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We humans are story-telling creatures, and we are also storied—we have levels of stories and insights inside us. And here is a secret: we open to the most profound truths when we relax and let go and dwell peacefully in these bodies on the earth. “What are we really working with?” asks the martial arts master Peter Ralston, in the soon-to-be-everywhere “Power” issue of Parabola (http://www.parabola.org/) “Regarding the body, we must begin with the most obvious and simple description of what is there: an object in space resting on the ground.”
A group of us did just that yesterday in the beautiful cool space that is the New York Insight Meditation Center (http://nyimc.org/). We started our day sitting in silence, abiding peacefully in the body. After, we allowed the stories to come. There were stories of loss and love and search, rendered in rich sensory details. Some of these stories carried the sense of being in a body on the earth. We return to the body and the earth in moments of great shock, moments when great human stories are forged.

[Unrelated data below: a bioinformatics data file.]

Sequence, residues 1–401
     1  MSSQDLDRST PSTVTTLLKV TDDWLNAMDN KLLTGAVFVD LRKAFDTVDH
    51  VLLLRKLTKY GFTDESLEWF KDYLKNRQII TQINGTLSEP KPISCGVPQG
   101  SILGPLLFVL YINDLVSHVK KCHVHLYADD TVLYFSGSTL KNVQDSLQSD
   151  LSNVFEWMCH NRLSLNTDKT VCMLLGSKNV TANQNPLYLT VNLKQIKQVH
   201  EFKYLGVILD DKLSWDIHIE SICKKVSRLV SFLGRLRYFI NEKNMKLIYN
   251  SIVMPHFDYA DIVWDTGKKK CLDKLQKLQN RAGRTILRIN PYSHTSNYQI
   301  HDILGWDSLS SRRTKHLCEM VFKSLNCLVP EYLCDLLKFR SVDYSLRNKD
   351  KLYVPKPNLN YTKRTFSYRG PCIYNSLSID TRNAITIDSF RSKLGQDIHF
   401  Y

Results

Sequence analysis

In Moments of Being, Virginia Woolf describes a few instances in childhood of “sudden violent shock” –a moment of suddenly remembering that she was in a body alive on the earth. “I was looking at a flower bed by the front door; ‘That is the whole, I said. I was looking at a plant with a spread of leaves; and it seemed suddenly plan that the flower itself was a part of the earth; that a ring enclosed what was the flower; ad that was the real flower; part earth; part flower. It was a thought I put away as being likely to be very useful to me later.”
Yesterday, we experienced the way these moments live in us like time-release capsules of living truth. Very useful.
“All you’ve got to do is to stay where you are,” taught the author and Trappist monk Thomas Merton to a group of novices. “You don’t have to get out of this ‘base, earthly being’ which you are and climb Jacob’s ladder and get way up in heaven where God is, because if you do that, you’ll never pray. You couldn’t pray.”
Yesterday, I remembered that writing can be a way of praying, a way of opening to what is unknown, allowing it to appear…or not. Transcribed and collected in a work called Hidden in the Same Mystery, Thomas Merton’s teachings remind us that whether it is prayer or writing, there is really only one place to start: “You have to start where you are and stay with it, because God is in you as you are, and doesn’t expect you to be any other than you are….”